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Lenovo chief Yang wangs hefty bonus wodge to workers

10,000 employees at world's biggest PC maker to benefit from payout

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Yang Yuanqing, CEO of the world's largest PC maker, Lenovo, plans to share a portion of his whacking great bonus with staffers for the second year in a row following bumper sales figures.

A pool of 10,000 workers out of the firm's more than 30,000 employees will each be given a piece of the $3.25m portion of Yuanqing's bonus, according to a memo written by Gina Qiao, senior vice president of human resources.

"Employees who receive the bonus are mostly those in manufacturing paid on an hourly basis, who are not eligible for other bonus programs or sales commission," said the company in a canned statement.

“This payment is personally funded by Yuanqing,” Qiao said. “He believes that he has the responsibility as an owner of the company, and the opportunity as our leader, to ensure all of our employees understand the impact they have on building Lenovo.”

The payment will be handed to Lenovo staff in 20 countries, although about 85 per cent of the recipients live in China. A spokeswoman at Lenovo UK confirmed to The Register that a small number of British workers will also be receiving the payment.

Assuming all the workers receive $325 each, this will work out as about a month's pay for the average city worker in China, who, according to the National Bureau of Statistics, earns about $392 a month.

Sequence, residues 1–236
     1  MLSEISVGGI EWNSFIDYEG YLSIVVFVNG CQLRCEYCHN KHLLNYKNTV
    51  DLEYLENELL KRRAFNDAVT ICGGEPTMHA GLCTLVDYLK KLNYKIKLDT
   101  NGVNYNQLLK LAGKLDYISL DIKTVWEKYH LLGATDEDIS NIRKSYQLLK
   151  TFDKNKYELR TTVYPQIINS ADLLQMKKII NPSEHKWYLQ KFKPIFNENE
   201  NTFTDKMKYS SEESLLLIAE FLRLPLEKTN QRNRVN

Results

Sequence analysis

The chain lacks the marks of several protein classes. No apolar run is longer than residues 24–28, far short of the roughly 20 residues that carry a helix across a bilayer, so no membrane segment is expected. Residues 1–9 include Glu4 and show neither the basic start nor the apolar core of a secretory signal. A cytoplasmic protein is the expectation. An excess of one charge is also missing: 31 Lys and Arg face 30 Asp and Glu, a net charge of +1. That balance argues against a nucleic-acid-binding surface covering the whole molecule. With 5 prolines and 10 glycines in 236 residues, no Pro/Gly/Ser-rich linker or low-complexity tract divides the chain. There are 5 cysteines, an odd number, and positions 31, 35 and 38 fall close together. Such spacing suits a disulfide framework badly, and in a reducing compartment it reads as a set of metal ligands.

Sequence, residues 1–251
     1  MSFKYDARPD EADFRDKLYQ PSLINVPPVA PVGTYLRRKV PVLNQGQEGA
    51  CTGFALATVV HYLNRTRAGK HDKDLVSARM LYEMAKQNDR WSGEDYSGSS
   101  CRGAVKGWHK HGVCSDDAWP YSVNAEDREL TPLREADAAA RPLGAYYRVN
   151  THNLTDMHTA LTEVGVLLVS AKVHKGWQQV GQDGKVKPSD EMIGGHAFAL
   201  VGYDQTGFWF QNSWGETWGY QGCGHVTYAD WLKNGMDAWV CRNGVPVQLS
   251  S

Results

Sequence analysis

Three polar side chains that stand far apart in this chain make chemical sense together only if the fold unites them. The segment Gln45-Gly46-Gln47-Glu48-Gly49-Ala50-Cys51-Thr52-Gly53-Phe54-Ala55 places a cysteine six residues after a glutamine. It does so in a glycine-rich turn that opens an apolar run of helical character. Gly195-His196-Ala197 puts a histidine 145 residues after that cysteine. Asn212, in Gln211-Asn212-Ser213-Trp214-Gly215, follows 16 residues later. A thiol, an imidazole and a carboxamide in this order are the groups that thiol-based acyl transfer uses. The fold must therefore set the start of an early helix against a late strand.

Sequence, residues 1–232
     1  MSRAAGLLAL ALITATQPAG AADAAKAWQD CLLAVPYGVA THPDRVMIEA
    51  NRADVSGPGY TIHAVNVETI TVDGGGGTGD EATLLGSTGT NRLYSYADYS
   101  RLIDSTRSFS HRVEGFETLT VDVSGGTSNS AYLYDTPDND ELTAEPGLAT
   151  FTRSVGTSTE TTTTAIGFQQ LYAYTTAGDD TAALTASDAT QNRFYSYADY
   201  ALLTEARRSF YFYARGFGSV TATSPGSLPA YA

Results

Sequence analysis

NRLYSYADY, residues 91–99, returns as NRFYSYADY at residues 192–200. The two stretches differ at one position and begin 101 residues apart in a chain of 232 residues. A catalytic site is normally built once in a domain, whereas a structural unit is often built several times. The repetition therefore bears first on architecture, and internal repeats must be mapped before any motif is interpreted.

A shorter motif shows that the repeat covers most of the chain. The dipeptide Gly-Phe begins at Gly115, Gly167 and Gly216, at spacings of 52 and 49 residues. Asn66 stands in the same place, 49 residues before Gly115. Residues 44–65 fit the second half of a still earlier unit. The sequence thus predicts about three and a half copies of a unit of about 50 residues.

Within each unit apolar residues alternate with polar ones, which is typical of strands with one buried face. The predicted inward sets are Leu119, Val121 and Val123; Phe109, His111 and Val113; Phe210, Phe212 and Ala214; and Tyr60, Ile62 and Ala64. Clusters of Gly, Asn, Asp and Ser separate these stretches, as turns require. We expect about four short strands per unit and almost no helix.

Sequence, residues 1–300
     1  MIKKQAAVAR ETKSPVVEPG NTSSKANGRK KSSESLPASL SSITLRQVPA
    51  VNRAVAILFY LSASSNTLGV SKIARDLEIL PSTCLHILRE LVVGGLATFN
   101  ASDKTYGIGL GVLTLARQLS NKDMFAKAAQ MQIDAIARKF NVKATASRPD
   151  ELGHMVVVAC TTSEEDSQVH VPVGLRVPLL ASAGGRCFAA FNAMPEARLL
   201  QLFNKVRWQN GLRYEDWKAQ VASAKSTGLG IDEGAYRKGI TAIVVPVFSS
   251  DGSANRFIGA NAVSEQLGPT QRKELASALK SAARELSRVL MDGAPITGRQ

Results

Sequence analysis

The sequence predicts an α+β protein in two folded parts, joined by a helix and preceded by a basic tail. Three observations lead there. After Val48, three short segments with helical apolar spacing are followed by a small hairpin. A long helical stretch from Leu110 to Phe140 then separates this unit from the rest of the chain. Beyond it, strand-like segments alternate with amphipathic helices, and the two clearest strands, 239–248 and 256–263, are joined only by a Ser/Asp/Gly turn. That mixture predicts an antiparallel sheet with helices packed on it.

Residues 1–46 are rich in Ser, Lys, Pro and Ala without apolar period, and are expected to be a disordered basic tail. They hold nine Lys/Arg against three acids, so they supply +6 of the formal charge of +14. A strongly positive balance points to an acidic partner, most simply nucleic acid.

Yang, of course, is paid much more than the average worker, with a total remuneration of $14.6m last year, a bonus of $4.23m and incentives of $8.94m. He holds about 744 million shares in Lenovo.

Last year, Lenovo posted whopping revenues of $33.8bn and shipped 52.4 million PCs. Wang promptly handed out a cool $3m from his bonus packet.

In the South China Morning Post Doug Young, a Reuters journalist and blogger who has lived in China for 15 years, wrote: "It's refreshing to see Lenovo's chatty CEO Yang Yuanqing finally doing something besides boasting about his big plans for the company, with word that he is donating a big chunk of his annual bonus to ordinary employees.

"I'm a bit too jaded to believe that Yang's donation of US$3m is a purely selfless act, since he was quite willing to give the media a detailed account of his decision. Still, the latest news comes as a nice break from the usual chatter about new M&A targets and other global aspirations from one of China's most successful tech firms."

Lenovo is rumoured to be planning a buyout of beleaguered Blackberry. ®

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